Marching Orders

The Russians have them:

At a military checkpoint between Georgia and its breakaway region of South Ossetia, the word “Russia” is hand-painted in pink on a concrete security barrier.

“It will be Russia,” said a Russian army lieutenant as the Ossetian soldiers under his command nodded.

“And Georgia used to be Russian, too,” said the young freckle-faced lieutenant, who would give only his first name, Sergei. Three armored personnel carriers and a tank were dug in around the checkpoint.

Russia has stationed its forces just 25 miles (40 kilometers) from the Georgian capital, in violation of the EU-brokered cease-fire that ended last year’s brief war. And in recent weeks, it has sent even more troops and armored vehicles to within striking distance of the city ahead of street protests against Georgia’s president.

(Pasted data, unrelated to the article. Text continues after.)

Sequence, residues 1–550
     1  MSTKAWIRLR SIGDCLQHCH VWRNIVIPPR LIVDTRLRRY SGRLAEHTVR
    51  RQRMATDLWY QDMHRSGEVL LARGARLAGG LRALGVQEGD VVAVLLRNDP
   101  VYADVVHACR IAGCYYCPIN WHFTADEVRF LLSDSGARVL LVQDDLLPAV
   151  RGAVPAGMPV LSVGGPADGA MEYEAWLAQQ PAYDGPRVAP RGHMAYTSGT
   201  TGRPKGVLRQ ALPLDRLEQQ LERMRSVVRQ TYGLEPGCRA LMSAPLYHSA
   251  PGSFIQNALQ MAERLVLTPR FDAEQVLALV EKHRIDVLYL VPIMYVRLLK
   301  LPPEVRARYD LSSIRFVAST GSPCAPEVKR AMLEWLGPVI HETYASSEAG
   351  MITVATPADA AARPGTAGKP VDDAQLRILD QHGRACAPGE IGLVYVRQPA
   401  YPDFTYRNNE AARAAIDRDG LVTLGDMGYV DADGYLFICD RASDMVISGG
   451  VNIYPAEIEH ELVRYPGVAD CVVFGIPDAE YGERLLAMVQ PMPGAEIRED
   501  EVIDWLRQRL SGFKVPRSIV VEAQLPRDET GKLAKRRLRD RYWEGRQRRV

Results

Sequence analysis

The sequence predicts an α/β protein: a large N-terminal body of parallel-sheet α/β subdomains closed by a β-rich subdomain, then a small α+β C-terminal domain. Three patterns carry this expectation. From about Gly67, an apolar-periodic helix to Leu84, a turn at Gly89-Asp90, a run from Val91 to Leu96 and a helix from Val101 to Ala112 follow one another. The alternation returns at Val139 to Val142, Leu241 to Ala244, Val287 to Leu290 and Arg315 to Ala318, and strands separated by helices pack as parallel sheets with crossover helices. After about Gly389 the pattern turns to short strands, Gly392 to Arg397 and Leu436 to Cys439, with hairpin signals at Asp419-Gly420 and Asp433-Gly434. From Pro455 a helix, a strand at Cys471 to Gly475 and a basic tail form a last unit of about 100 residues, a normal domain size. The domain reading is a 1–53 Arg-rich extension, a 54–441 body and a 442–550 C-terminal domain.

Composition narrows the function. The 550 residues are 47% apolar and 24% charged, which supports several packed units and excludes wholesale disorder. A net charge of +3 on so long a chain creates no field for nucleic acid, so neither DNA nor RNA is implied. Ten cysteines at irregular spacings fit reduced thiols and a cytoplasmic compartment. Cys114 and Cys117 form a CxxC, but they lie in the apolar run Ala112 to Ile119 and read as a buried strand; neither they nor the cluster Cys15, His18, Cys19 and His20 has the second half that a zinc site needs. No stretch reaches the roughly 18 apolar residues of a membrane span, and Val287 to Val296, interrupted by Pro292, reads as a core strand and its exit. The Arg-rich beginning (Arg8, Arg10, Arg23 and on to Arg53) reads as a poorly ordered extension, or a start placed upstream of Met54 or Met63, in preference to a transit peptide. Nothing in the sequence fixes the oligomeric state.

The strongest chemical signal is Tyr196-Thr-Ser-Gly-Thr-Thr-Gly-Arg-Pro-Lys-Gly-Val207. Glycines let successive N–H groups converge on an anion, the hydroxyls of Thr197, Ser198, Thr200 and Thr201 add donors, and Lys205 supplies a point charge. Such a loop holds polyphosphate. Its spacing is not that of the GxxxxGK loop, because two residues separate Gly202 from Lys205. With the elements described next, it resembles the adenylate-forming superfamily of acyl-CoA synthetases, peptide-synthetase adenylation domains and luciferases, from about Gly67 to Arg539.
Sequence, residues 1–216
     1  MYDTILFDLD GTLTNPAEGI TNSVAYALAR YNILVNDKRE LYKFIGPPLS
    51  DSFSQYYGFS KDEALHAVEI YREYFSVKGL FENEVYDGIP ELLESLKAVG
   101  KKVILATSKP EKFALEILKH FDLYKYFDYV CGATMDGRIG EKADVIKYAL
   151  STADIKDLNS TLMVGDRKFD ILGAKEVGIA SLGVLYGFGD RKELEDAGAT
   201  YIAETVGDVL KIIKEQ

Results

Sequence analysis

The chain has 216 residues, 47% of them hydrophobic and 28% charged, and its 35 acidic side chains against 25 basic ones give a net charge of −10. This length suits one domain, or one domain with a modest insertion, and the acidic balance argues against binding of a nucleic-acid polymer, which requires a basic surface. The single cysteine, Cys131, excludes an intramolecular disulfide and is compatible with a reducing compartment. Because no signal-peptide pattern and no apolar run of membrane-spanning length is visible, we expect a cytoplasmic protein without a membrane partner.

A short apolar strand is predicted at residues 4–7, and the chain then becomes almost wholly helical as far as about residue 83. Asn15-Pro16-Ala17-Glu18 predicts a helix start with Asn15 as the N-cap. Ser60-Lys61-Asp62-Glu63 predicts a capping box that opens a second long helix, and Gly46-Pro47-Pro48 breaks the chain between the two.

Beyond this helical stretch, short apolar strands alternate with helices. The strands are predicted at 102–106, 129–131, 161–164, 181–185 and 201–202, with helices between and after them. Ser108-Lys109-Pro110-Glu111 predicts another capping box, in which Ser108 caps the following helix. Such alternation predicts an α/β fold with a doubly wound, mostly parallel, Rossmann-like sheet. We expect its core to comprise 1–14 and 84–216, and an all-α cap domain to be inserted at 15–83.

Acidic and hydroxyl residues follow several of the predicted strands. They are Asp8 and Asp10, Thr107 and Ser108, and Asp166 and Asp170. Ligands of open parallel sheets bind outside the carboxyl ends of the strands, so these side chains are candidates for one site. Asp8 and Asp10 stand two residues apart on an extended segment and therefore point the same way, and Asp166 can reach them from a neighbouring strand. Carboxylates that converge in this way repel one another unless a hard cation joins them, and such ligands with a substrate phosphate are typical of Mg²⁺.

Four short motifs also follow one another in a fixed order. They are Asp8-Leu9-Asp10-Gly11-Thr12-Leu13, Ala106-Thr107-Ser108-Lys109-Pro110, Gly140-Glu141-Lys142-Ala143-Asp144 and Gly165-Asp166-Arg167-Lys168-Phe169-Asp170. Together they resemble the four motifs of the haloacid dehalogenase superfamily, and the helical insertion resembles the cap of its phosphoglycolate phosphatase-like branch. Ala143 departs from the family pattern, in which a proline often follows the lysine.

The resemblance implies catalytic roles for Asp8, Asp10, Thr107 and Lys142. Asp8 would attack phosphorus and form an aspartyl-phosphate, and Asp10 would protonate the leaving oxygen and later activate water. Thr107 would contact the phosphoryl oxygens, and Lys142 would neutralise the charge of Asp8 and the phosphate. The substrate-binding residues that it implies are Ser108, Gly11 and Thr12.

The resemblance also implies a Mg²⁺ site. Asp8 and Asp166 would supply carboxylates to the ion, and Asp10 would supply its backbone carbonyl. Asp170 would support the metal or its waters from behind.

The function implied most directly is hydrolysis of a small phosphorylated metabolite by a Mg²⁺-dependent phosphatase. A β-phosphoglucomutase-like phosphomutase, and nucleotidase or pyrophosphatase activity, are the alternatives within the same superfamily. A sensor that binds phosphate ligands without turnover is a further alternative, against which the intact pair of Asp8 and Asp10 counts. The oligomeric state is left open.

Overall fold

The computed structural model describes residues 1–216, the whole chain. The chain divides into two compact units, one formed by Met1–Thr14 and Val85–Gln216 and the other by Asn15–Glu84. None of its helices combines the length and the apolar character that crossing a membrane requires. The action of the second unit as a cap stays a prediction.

We’ve already offered to turn our backs on our Czech and Polish friends, after they stood up for us on missile defense. Is there anything left in the cupboard to offer Vlad the Bad to keep his paws off Georgia?

Ummm… nope.


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